Back in 1999, my colleague Chris McGrory Klyza and I wrote in our book The Story of Vermont that at one point in Vermont’s post-colonial history, it could easily be described as “sustainable.”  This was in the 1700s and early 1800s.

After the mid-1800s, however, not so much.  What caused the transition?  In a word, transportation.  Once Vermont — or any other place in the world, for that matter — becomes connected to a larger region through an efficient transportation network, the limits imposed by the need to live within the regenerative capacity of one’s own landscape break down.

In Vermont, the development of a railway system that connected farmers to markets in Boston and New York City moved the people away from sustainability.  The development of the interstate highway system 100 years later only accelerated that trend.  While an environmental ethic continued to grow and take root, sustainability was lost.  Vermont is now as “green” as anywhere in the U.S. but it is as unsustainable as it has ever been.

I don’t believe that we will ever go back to being an isolated outpost of insular settlements.  But if we are to decrease the unsustainability of societies — here and everywhere — we have to think more creatively about the environmental costs of how we achieve our connectivity.

In that spirit, my curiosity is piqued by the Vermont Sail Freight Project.  A plywood ship, powered by sail, is sailing down the Hudson River to New York City, loaded with 15 tons of locally produced agricultural products (e.g., potatoes, grains, syrup) bound for the booming local foods markets there.  The organizers of this venture describe the ship, called the Ceres after the Roman goddess of agriculture, the “to” in “farm to table.”

I wholeheartedly applaud the creative thinking behind this project.  The organizers moved from identifying a problem (e.g., the carbon footprint of modern transportation networks) to analyzing the landscape in which the problem is manifest (in this case, the Hudson River Valley, which flows directly into New York City) to imagining a solution (a wind-powered barge).  And not incidentally, along the way they encountered the need to apply key leadership skills, included fundraising and team-building.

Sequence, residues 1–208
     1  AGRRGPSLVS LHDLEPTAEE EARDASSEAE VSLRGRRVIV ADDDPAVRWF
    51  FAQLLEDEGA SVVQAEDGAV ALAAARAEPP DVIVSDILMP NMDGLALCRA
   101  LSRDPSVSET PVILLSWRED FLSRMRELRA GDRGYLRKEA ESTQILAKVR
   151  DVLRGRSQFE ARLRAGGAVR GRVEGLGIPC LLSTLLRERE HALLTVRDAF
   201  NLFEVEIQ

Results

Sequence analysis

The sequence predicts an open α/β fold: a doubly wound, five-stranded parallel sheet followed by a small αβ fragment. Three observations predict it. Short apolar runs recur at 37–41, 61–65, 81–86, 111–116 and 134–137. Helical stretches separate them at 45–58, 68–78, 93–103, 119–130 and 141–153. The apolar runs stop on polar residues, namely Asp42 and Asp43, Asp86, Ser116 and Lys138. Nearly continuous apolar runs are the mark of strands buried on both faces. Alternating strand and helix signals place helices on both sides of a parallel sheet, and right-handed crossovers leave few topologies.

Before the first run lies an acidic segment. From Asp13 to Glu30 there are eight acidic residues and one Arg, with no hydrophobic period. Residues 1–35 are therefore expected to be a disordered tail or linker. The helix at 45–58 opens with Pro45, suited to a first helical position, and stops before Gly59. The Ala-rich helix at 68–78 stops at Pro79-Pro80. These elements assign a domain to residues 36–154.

What I’m curious about is how, or even whether, this system can be scaled up to make any real difference to the sustainability of a place like New York City or the agricultural systems of a place like Vermont.  Rail and road networks were so successful because they scaled easily.  Can barge traffic along waterways do the same?

I hope so.  And I look forward to seeing what the future brings for this project.

How sustainable is our use of ocean resources?

The 2013 Ocean Health Index was just released (  This index assesses ten different aspects of humanity’s relationship with the ocean environment across a range of ecosystems services and scores them with respect to what they consider to be attainable goals that are “more sustainable than the current conditions.”  Even with the bar set at this fairly low level (in that “more sustainable” is not the same thing as “sustainable”), the results are not pretty.  For example, the score for harvesting food sustainably is a paltry 33 out of 100.  In a future where more people will come to depend on more food from the world’s oceans, the unsustainability of our current harvesting practices highlights the vital importance for us to do better.

Yet the critical question is not just what should be done to improve the sustainability of harvesting practices.  A series of interviews by leading fisheries scientists ( makes clear the importance of changing people’s perceptions of oceans as a free-for-all open market.  Steve Gaines of the University of California, Santa Barabara, says it best: People need to put more of a sense of ownership into the oceans.  With a sense of ownership comes, as a general rule, a sense of responsibility, for the present and the future.

The question is really how to this can be achieved.  How can people — individually and collectively — be led to feel that managing ocean resources sustainably matters?

Sites DOT Middlebury: the Middlebury site network.